• Alter anesthetic plan based on findings 

  • Determine baseline cardiac function

 

Intraoperatively

  • Investigate impact of anesthetic medications on cardiac function

Postoperatively

  • Evaluate etiologies of shock and hypoxemia to guide fluid resuscitation and treatment

  • Pursue more aggressive imaging modalities to evaluate post-op pathology

Pitfalls and Modifications

  • If encountering difficulty with image acquisition, ask the patient to turn towards the left lateral decubitus position and raise their left arm above their head to bring the heart closer to the chest wall and expand the space between ribs

  • Lung disease: hyperinflation can make parasternal and apical views challenging to obtain

  • Typically still able to acquire subcostal views

  • Qualitative assessments of non-binary parameters (i.e. LVEF) can lend themselves to over and underestimation

  • Very important to assess cardiac function with all views

Comprehension Questions

1. Which cardiac view is used in eFAST and is best for identifying pericardial effusions?

     A. Subcostal Four-Chamber

     B. Apical Four-Chamber

     C. Parasternal Long

     D. Parasternal Short

2. Which view is the highest yield for assessing global cardiac function?

     A. Subcostal Four-Chamber

     B. Apical Four-Chamber

     C. Parasternal Long

     D. Parasternal Short

3. What are two characteristic findings on TTE with pulmonary embolism?

4. Which view should be obtained to evaluate LV ejection?

     A. Subcostal Four-Chamber

     B. Apical Four-Chamber

     C. Parasternal Long

     D. Parasternal Short

     E. All of the above

5. Which view should be obtained to evaluate the mitral valve?​​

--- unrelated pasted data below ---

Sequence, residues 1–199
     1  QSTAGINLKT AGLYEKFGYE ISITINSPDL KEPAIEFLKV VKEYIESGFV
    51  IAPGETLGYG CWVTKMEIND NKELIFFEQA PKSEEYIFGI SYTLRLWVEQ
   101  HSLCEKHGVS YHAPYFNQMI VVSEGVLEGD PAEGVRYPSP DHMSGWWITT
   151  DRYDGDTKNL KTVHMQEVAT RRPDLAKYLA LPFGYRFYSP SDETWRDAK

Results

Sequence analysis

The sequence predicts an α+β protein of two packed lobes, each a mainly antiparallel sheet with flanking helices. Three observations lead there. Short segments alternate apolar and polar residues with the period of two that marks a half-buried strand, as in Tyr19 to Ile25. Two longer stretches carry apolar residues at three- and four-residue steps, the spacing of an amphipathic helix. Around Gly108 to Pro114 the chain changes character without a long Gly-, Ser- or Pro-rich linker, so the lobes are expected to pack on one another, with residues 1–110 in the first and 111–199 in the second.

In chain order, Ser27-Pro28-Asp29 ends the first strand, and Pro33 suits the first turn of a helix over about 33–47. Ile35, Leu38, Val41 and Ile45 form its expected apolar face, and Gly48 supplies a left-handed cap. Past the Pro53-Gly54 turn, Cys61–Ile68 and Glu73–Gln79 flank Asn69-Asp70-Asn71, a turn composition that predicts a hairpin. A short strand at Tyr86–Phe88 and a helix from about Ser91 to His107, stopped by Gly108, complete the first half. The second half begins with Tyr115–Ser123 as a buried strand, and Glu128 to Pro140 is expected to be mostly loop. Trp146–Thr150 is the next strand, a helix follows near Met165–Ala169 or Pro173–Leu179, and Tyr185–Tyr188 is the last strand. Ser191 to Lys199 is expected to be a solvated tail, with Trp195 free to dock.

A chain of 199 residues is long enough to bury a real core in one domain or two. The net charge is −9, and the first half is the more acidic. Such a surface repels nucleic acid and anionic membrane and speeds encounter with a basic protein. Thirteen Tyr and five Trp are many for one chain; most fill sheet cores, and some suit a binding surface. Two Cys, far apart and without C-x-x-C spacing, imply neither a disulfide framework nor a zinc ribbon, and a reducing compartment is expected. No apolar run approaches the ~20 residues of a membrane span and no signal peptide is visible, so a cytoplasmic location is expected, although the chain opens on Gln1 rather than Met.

A. Subcostal Four-Chamber

     B. Apical Four-Chamber

     C. Parasternal Long

     D. Parasternal Short

     E. All of the above

Answers

1. A

2. B

3. Dilated RV and D-shaped LV

4. E

5. E

References

Binder, T. (2018, September 6). 123sonography echo e-book. 123 Sonography. Retrieved May 5, 2022, from https://123sonography.com/ebook 

Cativo Calderon, E. H., Mene-Afejuku, T. O., Valvani, R., Cativo, D. P., Tripathi, D., Reyes, H. A., & Mushiyev, S. (2017). D-shaped left ventricle, anatomic, and physiologic implications. Case Reports in Cardiology, 2017, 1–4. https://doi.org/10.1155/2017/4309165 

Foster, E., & Manning, W. J. (2022). Echocardiographic evaluation of the aortic valve. In UpToDate. Retrieved May 1, 2022, from https://www.uptodate.com/contents/echocardiographic-evaluation-of-the-aortic-valve. 

Li, V., & Dinh, V. (n.d.). Cardiac Ultrasound (echocardiography) made easy: Step-by-step guide. POCUS 101. Retrieved May 1, 2022, from https://www.pocus101.com/cardiac-ultrasound-echocardiography-made-easy-step-by-step-guide

 

Melgarejo, S., Schaub, A., & Noble, V. E. (2017, October 31). Point of care ultrasound: An overview. American College of Cardiology. Retrieved May 5, 2022, from https://www.acc.org/latest-in-cardiology/articles/2017/10/31/09/57/point-of-care-ultrasound 

 

Patel, A. R., & Shefner, J. (2020). Transthoracic echocardiography: Normal cardiac anatomy and tomographic views. In UpToDate. Retrieved May 1, 2022, from https://www.uptodate.com/contents/transthoracic-echocardiography-normal-cardiac-anatomy-and-tomographic-views

 

Schiller, N. B., Ren, X., Ristow, B., & Manning, W. J. (2022). Echocardiographic evaluation of the mitral valve. In UpToDate. Retrieved May 1, 2022, from https://www.uptodate.com/contents/echocardiographic-evaluation-of-the-mitral-valve.